COOPER: Police arresting protesters on the University of Texas campus today in Austin, at least 20 people taken into custody so far as pro- Palestinian demonstrations continue to colleges and universities from coast to coast.

Today, longtime Palestinian leader Hanan Ashrawi put out a statement in support of the protesters and a number of Jewish community security officials called on school administrators to "restore calm and order." We have three live reports starting with CNN's Nick Watt on the campus of the University of Southern California in Los Angeles. Nick, would have you been seeing?

NICK WATT, CNN NATIONAL CORRESPONDENT: Well, Anderson, it has been relatively peaceful during the afternoon, but just a few minutes ago, campus security came out with bullhorns and told this crowd that if they don't leave within ten minutes, they will be liable for criminal trespassing. Listen to the chant.

We will not stop. We will not rest. So it does not look like these people plan to leave. Are you planning to leave? Are you planning to stay?


UNIDENTFIED MALE: I am going to jail today.

WATT: You're going to jail?

UNIDENTFIED MALE: This is a good day to go to jail. That's Martin Luther King's day. I can't believe they're going to start locking up senior citizens. I am 66 and somebody had to come and support these young people. They are not alone. That's why I am here.


WATT: OK. So earlier in the day, the last time the police tried to come on to this square, it did not go well. They came on this morning, it wasn't LAPD, it was Campus Police. They tried to clear tents and it got very ugly very fast. Demonstrators haranguing them, cussing them at, then it got physical, a lot of pushing. One person was arrested, put in a squad car. The crowd surrounded that car and would not let it leave. They were begging the police, ordering the police to let that protester go, the police did, and then the temperature dropped dramatically.

It was calm all afternoon. Of course, there was "From the river to the sea." There was "There is only one solution - Intifada Revolution" All of that. So Jewish students made to feel uncomfortable. They closed the campus down, they locked the -- closed the gates. You had to have ID to get in. The college blames a lot of this on outside agitators. They wanted to keep those people out.

But we are about to see, Anderson, I think the second confrontation of the day as the police come in. There are dozens of LAPD cars just off campus. There is campus security. Within minutes, we expect they are going to come in and try to move all of these people. And I can't say what is going to happen, but if this morning was anything to go by, it will not be pretty, Anderson.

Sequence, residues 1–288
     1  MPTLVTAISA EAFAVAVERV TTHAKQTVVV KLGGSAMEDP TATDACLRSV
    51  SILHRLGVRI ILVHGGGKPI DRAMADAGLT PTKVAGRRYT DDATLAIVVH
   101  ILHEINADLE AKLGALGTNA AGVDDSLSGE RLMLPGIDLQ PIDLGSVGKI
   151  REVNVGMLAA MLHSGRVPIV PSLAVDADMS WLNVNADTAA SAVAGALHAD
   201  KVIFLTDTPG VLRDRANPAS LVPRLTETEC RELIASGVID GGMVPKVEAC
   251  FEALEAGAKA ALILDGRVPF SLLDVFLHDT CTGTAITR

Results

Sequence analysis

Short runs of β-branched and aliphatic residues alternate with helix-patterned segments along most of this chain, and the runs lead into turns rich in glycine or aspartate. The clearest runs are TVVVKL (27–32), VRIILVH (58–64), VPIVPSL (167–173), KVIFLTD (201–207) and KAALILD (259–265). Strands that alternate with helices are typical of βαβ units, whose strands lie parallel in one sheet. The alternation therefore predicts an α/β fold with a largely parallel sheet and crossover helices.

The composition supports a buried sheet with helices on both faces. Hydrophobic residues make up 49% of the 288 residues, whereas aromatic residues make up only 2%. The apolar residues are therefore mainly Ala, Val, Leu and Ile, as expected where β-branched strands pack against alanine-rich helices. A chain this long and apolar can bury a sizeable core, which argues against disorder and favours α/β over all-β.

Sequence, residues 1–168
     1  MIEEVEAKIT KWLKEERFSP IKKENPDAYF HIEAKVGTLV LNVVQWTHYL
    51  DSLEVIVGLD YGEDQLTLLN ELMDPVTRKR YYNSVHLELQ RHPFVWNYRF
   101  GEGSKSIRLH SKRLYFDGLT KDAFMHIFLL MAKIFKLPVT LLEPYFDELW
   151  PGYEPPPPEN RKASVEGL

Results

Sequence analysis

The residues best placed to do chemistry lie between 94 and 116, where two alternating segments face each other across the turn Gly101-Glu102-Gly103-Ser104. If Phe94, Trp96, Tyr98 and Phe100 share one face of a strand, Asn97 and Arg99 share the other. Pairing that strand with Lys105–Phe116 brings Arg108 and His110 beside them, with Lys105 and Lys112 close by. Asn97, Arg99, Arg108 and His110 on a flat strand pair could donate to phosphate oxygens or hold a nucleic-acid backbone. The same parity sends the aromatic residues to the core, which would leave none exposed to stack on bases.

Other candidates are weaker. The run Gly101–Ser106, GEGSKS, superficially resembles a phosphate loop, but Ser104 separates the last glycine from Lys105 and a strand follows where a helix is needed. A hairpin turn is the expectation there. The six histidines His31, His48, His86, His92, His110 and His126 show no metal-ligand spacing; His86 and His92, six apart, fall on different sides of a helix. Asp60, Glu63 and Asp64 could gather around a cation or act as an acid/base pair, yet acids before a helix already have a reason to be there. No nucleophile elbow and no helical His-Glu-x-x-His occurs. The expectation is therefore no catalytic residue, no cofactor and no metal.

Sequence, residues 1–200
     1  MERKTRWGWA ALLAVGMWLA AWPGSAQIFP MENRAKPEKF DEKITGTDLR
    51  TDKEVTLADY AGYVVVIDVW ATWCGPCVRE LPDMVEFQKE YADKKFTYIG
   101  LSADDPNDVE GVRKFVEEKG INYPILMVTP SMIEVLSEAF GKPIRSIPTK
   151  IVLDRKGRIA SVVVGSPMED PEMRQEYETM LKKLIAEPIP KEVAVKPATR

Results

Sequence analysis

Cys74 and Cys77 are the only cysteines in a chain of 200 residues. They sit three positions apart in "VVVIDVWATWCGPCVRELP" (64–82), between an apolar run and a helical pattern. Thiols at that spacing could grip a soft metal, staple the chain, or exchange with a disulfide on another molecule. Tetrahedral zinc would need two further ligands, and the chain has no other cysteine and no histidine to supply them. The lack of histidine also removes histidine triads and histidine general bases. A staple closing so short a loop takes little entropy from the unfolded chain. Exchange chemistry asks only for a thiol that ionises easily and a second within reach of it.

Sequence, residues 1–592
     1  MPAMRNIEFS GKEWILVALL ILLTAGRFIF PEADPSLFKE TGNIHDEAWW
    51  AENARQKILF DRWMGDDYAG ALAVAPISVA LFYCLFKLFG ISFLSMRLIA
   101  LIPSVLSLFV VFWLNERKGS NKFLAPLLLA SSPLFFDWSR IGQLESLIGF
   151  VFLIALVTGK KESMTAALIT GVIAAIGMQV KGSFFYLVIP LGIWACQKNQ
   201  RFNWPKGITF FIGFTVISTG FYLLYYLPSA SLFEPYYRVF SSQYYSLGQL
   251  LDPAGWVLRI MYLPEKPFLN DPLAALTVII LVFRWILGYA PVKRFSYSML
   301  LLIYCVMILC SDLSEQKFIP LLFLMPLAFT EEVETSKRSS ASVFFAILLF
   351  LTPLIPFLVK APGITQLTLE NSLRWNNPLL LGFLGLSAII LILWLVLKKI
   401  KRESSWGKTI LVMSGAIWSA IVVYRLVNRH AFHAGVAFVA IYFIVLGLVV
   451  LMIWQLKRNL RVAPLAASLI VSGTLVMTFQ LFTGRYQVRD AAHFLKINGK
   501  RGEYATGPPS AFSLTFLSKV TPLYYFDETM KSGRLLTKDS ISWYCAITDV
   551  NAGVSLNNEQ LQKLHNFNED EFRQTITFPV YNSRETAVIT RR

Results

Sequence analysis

COOPER: And does it seem like these are mostly students?

WATT: Well, there is a mix. There are students and there are definitely people from outside. I mean, social media this morning, there were other organizations within LA asking people to come down here for this demonstration. Listen, university administrators like to say that this is all outside agitators. There are definitely students here as well. The hardcore, I would say quite a few people from off- campus who have come to cause a ruckus here on the campus because this is the focus, this is where the media is, this is where they come to protest.

COOPER: All right. Nick Watt, thank you. Ed Lavandera joins us now from the University of Texas at Austin. Ed, what have you have been seeing there?

ED LAVANDERA, CNN SENIOR NATIONAL CORRESPONDENT: While the situation here has dramatically changed in just the last hour, but earlier today, a student-led protest organized by the Palestine Solidarity Committee had organized a protest and a march through campus, which was supposed to end here, which is the area known as the South Mall of the UT campus, looking back down there toward the state capital. And that's where those students, protesters were confronted by a long line of state troopers that arrived here on the campus.

It was incredibly tense as those -- both sides of the law enforcement officers confronted those protesters here and the protesters had been saying that there was nothing violent here going on. That it was peaceful. And in the last hour or so, UT officials sent out an alert to all the students saying that they had to leave this area or risk being arrested. And then about that same time, much of the law enforcement present simply just disappeared. So this is what we are left seeing here this evening. Anderson, as you see, the last remnants of the protest here on the South Mall, they have been spending the last hour or so chants here in the South Mall area.

Texas Governor Greg Abbott put out on social media saying that he believed that the protesters, the student protesters involved in this belong in jail, that the protesters, the student protesters should also be expelled.